4 Chemicals You Can Find in Food But Probably Can’t Pronounce
It seems hardly a day goes by now without some company announcing they are removing a chemical or artificial ingredient from food product, and that’s fantastic! However, for every chemical removed from a product, there are more still being used.
Also known as Yellow No. 5, this chemical and its fellow food dyes are for the most part still found in many food products. Kraft announced that tartrazine would no longer be found in some of its macaroni and cheese varieties after consumers called for its removal. However, some dyes like Blue 1 and Red 40 are still widely used in candies and baked goods and have been found to cause hyperactivity in children. Though, so has candy.
As a preservative, propyl gallate is often used alongside BHA and butylated hydroxytoluene (BHT). Its purpose is to prevent oily products from oxidizing and going bad. It is suspected that in addition to keeping mayonnaise from spoiling, propyl gallate can interfere with human hormones. Though some scientists think the link between propyl gallate and problems in the endocrine system are definite, more research still needs to be done.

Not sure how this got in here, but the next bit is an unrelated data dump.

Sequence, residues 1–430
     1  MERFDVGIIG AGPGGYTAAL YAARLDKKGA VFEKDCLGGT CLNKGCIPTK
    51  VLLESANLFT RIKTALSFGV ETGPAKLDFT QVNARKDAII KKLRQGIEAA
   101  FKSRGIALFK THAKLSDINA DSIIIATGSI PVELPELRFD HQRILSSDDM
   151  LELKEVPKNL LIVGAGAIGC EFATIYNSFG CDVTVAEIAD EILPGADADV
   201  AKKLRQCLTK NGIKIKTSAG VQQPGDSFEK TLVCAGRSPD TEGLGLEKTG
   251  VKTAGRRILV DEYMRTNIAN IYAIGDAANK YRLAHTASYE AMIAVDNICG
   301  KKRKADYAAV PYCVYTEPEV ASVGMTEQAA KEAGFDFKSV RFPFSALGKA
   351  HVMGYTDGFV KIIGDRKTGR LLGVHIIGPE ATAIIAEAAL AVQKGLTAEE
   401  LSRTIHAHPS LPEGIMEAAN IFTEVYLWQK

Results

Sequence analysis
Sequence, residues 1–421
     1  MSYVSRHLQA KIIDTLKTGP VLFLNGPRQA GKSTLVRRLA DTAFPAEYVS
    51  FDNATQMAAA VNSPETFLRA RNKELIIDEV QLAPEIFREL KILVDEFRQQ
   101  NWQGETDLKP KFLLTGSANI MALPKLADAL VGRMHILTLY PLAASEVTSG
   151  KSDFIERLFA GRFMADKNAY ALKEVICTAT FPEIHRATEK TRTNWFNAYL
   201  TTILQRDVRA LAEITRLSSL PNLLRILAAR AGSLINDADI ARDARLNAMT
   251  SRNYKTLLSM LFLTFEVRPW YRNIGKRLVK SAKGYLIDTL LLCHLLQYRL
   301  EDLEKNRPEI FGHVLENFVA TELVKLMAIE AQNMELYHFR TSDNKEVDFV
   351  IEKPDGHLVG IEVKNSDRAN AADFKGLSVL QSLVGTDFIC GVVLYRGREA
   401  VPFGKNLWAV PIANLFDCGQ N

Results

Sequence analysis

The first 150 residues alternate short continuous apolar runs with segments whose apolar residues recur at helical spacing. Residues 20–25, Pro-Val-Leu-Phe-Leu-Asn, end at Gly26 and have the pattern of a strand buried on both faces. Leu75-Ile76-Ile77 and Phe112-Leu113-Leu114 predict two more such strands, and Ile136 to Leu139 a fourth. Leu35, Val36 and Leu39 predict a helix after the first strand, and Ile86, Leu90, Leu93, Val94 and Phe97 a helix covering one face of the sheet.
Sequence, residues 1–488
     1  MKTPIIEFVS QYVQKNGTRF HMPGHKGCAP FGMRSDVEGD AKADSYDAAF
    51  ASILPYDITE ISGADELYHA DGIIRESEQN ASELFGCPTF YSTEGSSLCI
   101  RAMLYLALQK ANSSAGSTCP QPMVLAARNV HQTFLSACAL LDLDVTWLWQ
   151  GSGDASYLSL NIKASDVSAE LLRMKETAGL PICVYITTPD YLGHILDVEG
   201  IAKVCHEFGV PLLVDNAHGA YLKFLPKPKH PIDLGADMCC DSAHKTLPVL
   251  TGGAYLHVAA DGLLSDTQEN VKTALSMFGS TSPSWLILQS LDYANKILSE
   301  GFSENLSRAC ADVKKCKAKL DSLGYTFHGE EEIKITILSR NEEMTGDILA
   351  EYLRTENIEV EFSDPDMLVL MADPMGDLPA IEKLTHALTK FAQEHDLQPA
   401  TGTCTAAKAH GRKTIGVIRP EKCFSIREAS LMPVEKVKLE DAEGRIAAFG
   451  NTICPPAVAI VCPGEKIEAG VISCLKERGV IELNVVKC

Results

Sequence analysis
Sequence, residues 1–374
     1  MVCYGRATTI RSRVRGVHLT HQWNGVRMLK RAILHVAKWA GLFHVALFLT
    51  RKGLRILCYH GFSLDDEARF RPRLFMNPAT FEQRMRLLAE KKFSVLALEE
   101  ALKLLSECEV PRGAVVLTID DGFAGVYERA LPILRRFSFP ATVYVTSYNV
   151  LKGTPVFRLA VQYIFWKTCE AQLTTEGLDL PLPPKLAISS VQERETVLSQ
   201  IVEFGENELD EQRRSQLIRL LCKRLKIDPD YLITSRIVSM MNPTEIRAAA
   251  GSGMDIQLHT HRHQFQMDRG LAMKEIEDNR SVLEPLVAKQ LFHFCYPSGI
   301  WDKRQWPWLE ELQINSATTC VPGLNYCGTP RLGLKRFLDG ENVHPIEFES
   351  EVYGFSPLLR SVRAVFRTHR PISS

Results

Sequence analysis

Silicon dioxide and silica are fancy-sounding names for something simple that we’ve all encountered before: beach sand. Not just for building sand castles, silicon dioxide is used in dry coffee creamer and other foods with a powdery substance. Though the health risk of consuming sand is low, studies have shown that high exposure can cause respiratory problems. Perhaps we should leave the sand on the beach and out of our food.
If you’ve ever wondered what makes gum and chewy candy gummy look no further, the answer is triacetin. It also can keep food from drying out. Triacetin has been approved and is generally recognized as safe by the FDA, though many no longer put stock in the FDA’s opinion of safety when it comes to food products. Probably because products like triacetin are not only used in foods, but in cigarette filters and Viagra as well.